(Bloomberg) -- Terrified that shrinking forecasts for economic growth are sounding the death knell for equities? You wouldn’t be the first.
It’s more or less a bull-market tradition to peek at growth estimates right around Thanksgiving and declare the rally in stocks doomed. In the current version, the S&P 500 is up 24% ahead of a year in which gross domestic product isn’t expected to crack 2%. Divergences like that are symptoms of euphoria that investors always regret.
Right? Well, except for in 2012, when stocks rose 13% in the runup to a year in which the economy did no better than it’s expected to do in 2020. Oh and 2010, when pretty much the same thing occurred. In fact, the consensus prediction for 2020 GDP matches the average annual growth rate over the last decade, a period in which stocks surged sixfold.
Not that it couldn’t be different this time around. A lot could go wrong in the next 12 months. But anyone premising an investment thesis on anemic growth expectations should be aware that waiting for the economy to do a lot better than it’s supposed to in 2020 has been a recipe for missing $25 trillion of share appreciation.
“If you’re driving at 50 miles-an-hour and you slow to 30, you’re still going forward,” said Hank Smith, co-chief investment officer at Haverford Trust, which manages $9.5 billion. “That doesn’t mean you have to extrapolate that slowdown into negative territory. That’s what too many analysts are pundits are doing.”
With just weeks left in a banner year for equities, investors and analysts are marking up their playbooks for 2020. As usual, the fate of the American economy is a key point of contention, with some predicting a rebound and others arguing this year’s gains are predicated upon a a growth pick-up that won’t happen.
The average forecast in a Bloomberg survey of roughly 70 contributors holds that the U.S. economy will expand 1.8% next year. Sure, that’s the slowest annual rate of GDP growth since 2013, but it also matches the average of the bull market -- a period in which the S&P 500 has notched an annualized gain of 17.7%.
That isn’t stopping strategists at Societe Generale, Morgan Stanley, and UBS Group AG from predicting a slump in stocks, on expectations for slow economic growth or shrinking corporate profits. According to Lisa Shalett, the chief investment officer at Morgan Stanley Wealth Management, the correction could reach 15%, probably sometime in the first half of next year.
In her view, which reflects that of the firm’s chief U.S. equity strategist Mike Wilson, a lack of margin expansion for corporations is a key concern. Even if top line revenue expands 2% to 4% next year off of GDP growth of 2%, it’ll be very difficult for bottom line profits to grow at the near 10% rate that’s expected.
“Our caution is really that so much good news is priced into this market,” Shalett said by phone. “We have a market that is forecasting this rebound in GDP in 2020 and has consensus forecasts for S&P 500 earnings up 9 to 10%. From where we sit, it’s going to be very hard for companies in that kind of an environment to have profit growth of 10% when you’re looking at a labor market that is already tight.”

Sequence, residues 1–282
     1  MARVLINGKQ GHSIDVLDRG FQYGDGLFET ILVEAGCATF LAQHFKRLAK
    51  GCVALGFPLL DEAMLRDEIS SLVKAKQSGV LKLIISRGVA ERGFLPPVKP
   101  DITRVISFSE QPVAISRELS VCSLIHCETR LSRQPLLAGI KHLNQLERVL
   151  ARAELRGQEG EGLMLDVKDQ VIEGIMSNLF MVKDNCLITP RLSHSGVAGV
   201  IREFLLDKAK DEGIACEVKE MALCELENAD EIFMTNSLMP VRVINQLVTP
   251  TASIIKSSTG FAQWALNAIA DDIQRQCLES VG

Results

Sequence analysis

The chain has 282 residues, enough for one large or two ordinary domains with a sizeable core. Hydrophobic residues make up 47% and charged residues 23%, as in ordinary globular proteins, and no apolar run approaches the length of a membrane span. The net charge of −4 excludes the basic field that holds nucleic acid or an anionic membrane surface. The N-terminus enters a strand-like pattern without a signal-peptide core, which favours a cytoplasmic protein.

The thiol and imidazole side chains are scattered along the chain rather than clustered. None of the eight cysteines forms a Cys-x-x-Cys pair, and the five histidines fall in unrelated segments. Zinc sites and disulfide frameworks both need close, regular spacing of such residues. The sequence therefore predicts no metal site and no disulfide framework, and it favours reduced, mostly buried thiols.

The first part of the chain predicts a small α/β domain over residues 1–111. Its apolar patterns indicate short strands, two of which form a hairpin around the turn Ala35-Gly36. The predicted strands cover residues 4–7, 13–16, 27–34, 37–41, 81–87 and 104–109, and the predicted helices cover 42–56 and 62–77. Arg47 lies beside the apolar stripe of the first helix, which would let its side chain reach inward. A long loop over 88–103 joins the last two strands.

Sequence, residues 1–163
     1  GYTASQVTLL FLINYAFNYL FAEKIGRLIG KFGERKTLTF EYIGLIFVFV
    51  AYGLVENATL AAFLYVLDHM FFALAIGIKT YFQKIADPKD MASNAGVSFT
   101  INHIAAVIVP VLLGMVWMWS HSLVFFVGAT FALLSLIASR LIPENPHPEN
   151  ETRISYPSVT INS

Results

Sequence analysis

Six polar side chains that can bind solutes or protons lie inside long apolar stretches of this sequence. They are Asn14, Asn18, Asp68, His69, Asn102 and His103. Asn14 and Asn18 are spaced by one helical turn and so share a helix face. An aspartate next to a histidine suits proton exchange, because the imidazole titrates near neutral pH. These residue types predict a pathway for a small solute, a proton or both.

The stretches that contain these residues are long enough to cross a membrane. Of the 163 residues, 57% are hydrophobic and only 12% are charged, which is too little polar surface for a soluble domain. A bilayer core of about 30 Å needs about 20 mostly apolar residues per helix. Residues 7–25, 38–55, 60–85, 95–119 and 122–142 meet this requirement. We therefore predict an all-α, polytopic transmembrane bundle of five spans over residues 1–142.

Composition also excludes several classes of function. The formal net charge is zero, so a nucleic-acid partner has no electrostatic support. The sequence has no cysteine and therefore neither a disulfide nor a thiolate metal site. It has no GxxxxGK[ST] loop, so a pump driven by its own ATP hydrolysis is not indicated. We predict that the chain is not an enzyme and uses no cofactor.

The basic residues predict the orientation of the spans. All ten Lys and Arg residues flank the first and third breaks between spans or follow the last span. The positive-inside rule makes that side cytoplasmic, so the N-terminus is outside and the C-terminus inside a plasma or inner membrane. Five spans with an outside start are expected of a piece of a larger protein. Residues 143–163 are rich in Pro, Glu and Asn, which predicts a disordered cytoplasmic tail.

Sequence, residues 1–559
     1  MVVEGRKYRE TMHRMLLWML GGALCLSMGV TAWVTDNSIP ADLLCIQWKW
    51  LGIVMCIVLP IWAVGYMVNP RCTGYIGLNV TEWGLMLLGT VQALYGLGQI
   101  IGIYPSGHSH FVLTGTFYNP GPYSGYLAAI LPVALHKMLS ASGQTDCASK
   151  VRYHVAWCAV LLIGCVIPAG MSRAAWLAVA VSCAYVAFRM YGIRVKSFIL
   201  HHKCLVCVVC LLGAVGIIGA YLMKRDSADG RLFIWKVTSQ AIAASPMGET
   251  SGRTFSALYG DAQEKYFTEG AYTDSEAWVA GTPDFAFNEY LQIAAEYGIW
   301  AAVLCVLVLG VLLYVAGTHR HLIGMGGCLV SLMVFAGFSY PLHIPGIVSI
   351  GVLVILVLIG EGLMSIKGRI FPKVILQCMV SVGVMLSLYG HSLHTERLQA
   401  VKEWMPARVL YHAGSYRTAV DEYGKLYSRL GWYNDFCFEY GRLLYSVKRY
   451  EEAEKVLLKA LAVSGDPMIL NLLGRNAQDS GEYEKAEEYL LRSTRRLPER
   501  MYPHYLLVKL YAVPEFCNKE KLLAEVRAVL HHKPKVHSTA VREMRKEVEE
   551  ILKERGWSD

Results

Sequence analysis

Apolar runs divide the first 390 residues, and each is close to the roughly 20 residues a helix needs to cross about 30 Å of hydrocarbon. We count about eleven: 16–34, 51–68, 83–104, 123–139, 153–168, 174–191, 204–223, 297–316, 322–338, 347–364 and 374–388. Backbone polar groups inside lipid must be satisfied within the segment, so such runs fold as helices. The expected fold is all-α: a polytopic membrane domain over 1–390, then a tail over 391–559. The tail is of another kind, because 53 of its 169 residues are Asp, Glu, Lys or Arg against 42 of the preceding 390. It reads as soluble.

A perhaps more likely outcome is that slow growth will be enough to encourage single-digit equity gains next year, barring a re-escalation of the U.S.-China trade war or severe deterioration in economic data, Florian Regnery, cross-asset strategist at the firm, said in a message.
Haverford Trust’s Smith sees the possibility for the S&P 500 to deliver a total return of as much as 12% next year with the backdrop of a slight pickup in economic growth. Even if GDP growth stagnates below 2%, stock returns will still likely remain positive, he said, and subdued economic growth has its benefits.
“The advantages are that’s not enough to create excesses, and excesses are what kill economies,” Smith said by phone. “Excesses in inflation, excesses in inventories, excesses in misallocation of capital, excesses in employment. If you’re only growing 2%, it’s hard to create that.”
That’s part of the reason such a shallow economic expansion since the Global Financial Crisis has bred the longest one in history. With time passing by and the S&P 500 headed for the second best year of the bull market, some investors fear 2020 will be anything but spectacular.
Those concerns may be overdone, according to Bloomberg Intelligence. Since 1929, the S&P 500 has gained more than 20% in 23 separate years, and in the years that followed, returns were positive 70% of the time, BI data show. What’s more is the average return those years was 7.4%, greater than the benchmark’s long-term annual return.
“An object in motion stays in motion,” wrote equity strategists including Gina Martin Adams. “Historical experience suggests fears that stocks are doomed for a cooling-off period following the strong gain of 2019 may be overblown.”
--With assistance from Vildana Hajric.
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